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Rail News: Intermodal

Intermodal: Alameda Corridor's container traffic rises 14.6 percent in FY04


Recent traffic figures from the Alameda Corridor serve as a microcosm of North America's surging intermodal traffic in 2004. On Friday, the Alameda Corridor Transportation Authority (ACTA) reported a 14.6 percent increase in container traffic during fiscal-year 2004 — which ended June 30 — compared with the previous fiscal year. About 27 percent of the container traffic originating at the ports of Los Angeles and Long Beach moved over the corridor compared with 25.9 percent of FY03 volume.

"The Alameda Corridor has been successful in removing the equivalent of 2.3 million truck trips from our roads annually," said ACTA Chairman Janice Hahn in a prepared statement.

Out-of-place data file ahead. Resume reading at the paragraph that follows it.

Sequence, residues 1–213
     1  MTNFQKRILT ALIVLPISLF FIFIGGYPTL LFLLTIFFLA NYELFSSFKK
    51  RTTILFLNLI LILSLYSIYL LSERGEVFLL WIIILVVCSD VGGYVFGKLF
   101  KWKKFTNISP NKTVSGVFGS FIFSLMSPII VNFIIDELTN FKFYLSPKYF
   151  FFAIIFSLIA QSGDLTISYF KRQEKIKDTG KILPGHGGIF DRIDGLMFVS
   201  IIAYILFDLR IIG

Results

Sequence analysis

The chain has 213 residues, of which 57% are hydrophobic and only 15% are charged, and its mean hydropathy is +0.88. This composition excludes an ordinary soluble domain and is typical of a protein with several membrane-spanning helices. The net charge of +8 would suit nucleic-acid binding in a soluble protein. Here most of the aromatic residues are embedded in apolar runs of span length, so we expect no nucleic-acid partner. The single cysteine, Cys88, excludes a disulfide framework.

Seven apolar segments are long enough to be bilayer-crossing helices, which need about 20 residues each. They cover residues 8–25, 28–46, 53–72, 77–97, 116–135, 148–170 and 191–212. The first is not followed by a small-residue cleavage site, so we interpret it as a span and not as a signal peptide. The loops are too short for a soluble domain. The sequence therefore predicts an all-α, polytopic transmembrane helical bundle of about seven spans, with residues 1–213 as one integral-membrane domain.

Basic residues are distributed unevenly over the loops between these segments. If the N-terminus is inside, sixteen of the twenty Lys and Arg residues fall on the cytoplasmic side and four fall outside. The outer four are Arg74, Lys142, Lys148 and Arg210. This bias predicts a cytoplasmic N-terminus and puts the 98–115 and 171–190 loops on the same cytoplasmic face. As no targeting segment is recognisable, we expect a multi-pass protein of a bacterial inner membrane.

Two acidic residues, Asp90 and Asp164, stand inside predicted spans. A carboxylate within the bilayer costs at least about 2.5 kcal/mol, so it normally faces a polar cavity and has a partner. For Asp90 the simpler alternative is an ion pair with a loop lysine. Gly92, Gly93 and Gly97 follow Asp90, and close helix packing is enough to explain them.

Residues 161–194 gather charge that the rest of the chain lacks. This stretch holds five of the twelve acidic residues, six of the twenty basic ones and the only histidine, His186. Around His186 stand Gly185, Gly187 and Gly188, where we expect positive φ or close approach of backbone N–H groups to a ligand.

The corridor averaged 5,008 daily containers — 638 more units compared with FY03 and 3 percent more than forecasted in 1998, before construction on the 20-mile corridor began. The corridor's fiscal-year revenue from assessed fees and charges rose 13.9 percent to $62.3 million.

In addition to user fees, ACTA collects charges on some containers moving outside the corridor. Including those containers, FY04 units subject to ACTA fees or charges increased 8.1 percent compared with FY03.

A freight-rail expressway between the ports of L.A. and Long Beach, the $2.4 billion corridor opened in April 2002.

Contact Progressive Railroading editorial staff.

More News from 9/13/2004